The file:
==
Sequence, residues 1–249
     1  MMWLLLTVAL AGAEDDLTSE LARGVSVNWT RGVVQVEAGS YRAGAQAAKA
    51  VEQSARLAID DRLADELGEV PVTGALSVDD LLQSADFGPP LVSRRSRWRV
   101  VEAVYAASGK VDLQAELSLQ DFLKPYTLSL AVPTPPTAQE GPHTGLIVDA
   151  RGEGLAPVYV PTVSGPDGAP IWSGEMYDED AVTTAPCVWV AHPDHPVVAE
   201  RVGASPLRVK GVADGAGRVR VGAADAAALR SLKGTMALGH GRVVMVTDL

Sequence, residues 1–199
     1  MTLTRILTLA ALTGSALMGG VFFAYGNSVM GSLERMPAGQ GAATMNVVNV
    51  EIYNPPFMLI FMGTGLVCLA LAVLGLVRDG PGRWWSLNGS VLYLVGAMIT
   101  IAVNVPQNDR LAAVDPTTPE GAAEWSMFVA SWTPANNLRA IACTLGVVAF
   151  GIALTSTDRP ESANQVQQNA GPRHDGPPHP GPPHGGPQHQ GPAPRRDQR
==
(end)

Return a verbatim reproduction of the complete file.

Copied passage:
Sequence, residues 1–249
     1  MMWLLLTVAL AGAEDDLTSE LARGVSVNWT RGVVQVEAGS YRAGAQAAKA
    51  VEQSARLAID DRLADELGEV PVTGALSVDD LLQSADFGPP LVSRRSRWRV
   101  VEAVYAASGK VDLQAELSLQ DFLKPYTLSL AVPTPPTAQE GPHTGLIVDA
   151  RGEGLAPVYV PTVSGPDGAP IWSGEMYDED AVTTAPCVWV AHPDHPVVAE
   201  RVGASPLRVK GVADGAGRVR VGAADAAALR SLKGTMALGH GRVVMVTDL

Sequence, residues 1–199
     1  MTLTRILTLA ALTGSALMGG VFFAYGNSVM GSLERMPAGQ GAATMNVVNV
    51  EIYNPPFMLI FMGTGLVCLA LAVLGLVRDG PGRWWSLNGS VLYLVGAMIT
   101  IAVNVPQNDR LAAVDPTTPE GAAEWSMFVA SWTPANNLRA IACTLGVVAF
   151  GIALTSTDRP ESANQVQQNA GPRHDGPPHP GPPHGGPQHQ GPAPRRDQR